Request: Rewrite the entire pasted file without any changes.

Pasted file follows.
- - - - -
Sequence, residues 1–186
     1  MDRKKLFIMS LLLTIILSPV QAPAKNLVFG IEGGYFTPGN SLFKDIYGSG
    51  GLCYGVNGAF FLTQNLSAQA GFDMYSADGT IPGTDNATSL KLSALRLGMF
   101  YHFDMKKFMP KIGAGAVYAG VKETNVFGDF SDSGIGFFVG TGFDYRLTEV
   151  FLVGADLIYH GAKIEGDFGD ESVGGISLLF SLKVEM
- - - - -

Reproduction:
Sequence, residues 1–186
     1  MDRKKLFIMS LLLTIILSPV QAPAKNLVFG IEGGYFTPGN SLFKDIYGSG
    51  GLCYGVNGAF FLTQNLSAQA GFDMYSADGT IPGTDNATSL KLSALRLGMF
   101  YHFDMKKFMP KIGAGAVYAG VKETNVFGDF SDSGIGFFVG TGFDYRLTEV
   151  FLVGADLIYH GAKIEGDFGD ESVGGISLLF SLKVEM